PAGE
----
NEW YORK (Reuters Health) - Simply listening to someone over a mobile cell phone while driving may distract the brain enough to cause an accident, a new brain-imaging study suggests.
Previous studies have suggested that drivers who use cell phones run a greater risk of accidents, and that hands-free phones do not appreciably lower the odds.
The new findings, reported in the journal Brain Research, cast further doubt on the idea that hands-free cell phones are safer for drivers. Just the act of listening, researchers found, appears to divert much of the brain resources that would normally go toward navigating the road.
The study included 29 volunteers who used a driving simulator while inside an MRI brain scanner. Participants steered along a winding "virtual" road, once with no distractions and once while listening to various sentences and trying to decide whether they were true or false.
The researchers found that in the second scenario, the drivers' brain activity changed -- including a 37 percent drop in activity in the parietal lobe, a brain area involved in spatial sense and navigation.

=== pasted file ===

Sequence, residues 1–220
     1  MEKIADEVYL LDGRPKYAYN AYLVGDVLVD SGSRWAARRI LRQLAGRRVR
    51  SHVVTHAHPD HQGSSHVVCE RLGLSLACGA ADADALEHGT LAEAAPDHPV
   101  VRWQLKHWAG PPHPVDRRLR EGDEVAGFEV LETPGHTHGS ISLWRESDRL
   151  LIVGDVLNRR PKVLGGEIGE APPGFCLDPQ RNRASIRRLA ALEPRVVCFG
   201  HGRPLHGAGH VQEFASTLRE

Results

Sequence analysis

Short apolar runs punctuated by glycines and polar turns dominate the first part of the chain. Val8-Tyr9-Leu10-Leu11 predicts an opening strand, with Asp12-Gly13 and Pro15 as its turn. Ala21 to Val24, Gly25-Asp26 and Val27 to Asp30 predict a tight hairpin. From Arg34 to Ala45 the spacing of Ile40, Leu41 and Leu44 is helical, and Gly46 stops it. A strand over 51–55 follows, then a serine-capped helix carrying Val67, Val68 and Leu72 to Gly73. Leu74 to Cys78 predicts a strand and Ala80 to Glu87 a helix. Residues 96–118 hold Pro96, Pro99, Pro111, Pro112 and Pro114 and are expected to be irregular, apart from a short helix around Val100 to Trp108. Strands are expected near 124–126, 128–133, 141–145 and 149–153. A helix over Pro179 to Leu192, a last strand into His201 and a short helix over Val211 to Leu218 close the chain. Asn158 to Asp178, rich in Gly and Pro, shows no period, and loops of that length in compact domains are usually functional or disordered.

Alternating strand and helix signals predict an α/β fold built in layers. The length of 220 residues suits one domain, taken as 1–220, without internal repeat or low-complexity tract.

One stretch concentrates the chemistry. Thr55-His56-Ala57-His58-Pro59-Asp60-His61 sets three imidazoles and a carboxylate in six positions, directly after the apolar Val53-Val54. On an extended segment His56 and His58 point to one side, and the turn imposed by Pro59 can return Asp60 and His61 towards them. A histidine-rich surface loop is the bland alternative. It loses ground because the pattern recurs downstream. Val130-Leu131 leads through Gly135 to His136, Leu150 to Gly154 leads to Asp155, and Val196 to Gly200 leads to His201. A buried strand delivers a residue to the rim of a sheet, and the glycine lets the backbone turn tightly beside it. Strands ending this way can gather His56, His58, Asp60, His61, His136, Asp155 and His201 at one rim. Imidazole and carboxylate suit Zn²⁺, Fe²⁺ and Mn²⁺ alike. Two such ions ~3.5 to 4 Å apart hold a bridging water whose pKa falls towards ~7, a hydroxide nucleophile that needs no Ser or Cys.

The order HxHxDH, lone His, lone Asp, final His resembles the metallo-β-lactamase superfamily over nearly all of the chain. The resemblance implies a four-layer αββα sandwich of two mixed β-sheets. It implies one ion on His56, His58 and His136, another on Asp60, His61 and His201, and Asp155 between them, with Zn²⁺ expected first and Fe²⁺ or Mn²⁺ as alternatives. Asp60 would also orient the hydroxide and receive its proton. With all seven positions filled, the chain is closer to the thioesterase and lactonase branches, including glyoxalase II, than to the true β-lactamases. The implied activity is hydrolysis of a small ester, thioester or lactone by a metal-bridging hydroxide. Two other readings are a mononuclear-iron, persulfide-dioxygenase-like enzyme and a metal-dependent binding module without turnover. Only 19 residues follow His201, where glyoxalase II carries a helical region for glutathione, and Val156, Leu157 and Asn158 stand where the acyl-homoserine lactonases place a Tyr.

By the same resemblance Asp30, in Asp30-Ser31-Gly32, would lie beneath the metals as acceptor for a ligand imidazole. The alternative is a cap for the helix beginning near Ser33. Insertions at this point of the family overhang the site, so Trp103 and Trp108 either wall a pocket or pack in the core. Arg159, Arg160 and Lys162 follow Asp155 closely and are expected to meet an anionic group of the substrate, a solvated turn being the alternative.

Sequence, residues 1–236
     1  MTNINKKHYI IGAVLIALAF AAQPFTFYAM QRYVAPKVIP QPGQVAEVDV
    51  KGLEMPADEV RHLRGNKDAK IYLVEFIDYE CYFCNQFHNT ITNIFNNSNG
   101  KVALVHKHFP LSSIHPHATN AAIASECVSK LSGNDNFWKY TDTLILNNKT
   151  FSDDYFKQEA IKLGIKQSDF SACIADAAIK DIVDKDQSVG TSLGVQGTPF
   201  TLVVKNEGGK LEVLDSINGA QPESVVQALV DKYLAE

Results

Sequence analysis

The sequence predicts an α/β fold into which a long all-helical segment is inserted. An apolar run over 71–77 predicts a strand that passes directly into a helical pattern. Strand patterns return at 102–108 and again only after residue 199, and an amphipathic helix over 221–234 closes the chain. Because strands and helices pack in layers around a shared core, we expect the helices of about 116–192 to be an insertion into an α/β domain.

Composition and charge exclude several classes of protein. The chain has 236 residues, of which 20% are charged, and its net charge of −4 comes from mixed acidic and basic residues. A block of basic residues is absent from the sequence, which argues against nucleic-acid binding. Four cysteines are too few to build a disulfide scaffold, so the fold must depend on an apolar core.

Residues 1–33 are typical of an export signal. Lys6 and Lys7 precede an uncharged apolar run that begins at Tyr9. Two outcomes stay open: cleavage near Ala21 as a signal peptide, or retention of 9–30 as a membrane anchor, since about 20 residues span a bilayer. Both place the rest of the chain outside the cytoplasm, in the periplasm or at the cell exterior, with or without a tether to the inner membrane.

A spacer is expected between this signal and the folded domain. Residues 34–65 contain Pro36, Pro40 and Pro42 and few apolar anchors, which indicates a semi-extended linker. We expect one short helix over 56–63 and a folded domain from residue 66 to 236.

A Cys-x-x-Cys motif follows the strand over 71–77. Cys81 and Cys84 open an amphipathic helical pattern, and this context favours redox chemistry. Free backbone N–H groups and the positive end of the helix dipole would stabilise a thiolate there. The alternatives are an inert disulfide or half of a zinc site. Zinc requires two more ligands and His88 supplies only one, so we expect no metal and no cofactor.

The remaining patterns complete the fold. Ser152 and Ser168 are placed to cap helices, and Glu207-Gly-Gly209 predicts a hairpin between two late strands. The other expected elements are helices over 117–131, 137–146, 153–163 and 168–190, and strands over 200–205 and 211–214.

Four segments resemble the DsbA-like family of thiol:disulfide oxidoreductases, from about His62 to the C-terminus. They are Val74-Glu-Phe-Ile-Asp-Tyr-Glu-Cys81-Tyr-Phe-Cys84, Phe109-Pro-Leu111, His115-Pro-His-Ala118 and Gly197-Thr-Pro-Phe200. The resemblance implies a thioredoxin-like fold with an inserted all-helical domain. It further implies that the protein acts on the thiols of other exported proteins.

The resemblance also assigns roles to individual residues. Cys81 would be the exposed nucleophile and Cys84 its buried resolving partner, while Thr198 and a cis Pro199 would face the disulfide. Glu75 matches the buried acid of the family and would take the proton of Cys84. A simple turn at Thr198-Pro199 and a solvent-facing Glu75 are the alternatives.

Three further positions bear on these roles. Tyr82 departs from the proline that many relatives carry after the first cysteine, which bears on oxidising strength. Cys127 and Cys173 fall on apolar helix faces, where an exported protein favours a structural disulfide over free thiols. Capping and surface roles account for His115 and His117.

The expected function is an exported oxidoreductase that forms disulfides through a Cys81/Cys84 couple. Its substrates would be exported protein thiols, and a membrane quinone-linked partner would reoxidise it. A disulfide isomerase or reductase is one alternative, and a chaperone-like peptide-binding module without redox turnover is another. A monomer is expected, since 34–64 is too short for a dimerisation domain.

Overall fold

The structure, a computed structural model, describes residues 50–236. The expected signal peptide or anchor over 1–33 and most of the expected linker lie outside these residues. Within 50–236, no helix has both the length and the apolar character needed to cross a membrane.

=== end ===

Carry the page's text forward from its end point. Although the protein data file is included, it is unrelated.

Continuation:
Moreover, this shift in brain activity was accompanied by an increase in driving errors; drivers tended to drift more in their simulated lanes and were more likely to hit the virtual guardrail.
"Drivers need to keep not only their hands on the wheel; they also have to keep their brains on the road," lead researcher Dr. Marcel Just, of Carnegie Mellon University in Pittsburgh, said in a statement.
According to Just, conversing on a cell phone may well be more distracting than listening to music or to someone in the passenger seat, for instance.
"Talking on a cell phone has a special social demand, such that not attending to the cell conversation can be interpreted as rude, insulting behavior," he explained.
In contrast, a passenger in the car can recognize when the driver needs to focus on the road, and may stop talking. Listening to music, for its part, does not require the cognitive processing necessary for having a conversation and can be more readily tuned out.
Because driving and listening rely on different brain networks, some scientists had speculated that the brain could handle both tasks at the same time. But the current findings, according to Just, suggest that there is only so much the brain can accomplish simultaneously.
"Drivers' seats in many vehicles are becoming highly instrumented cockpits," he noted, "and during difficult driving situations, they require the undivided attention of the driver's brain."
SOURCE: Brain Research, online March 5, 2008.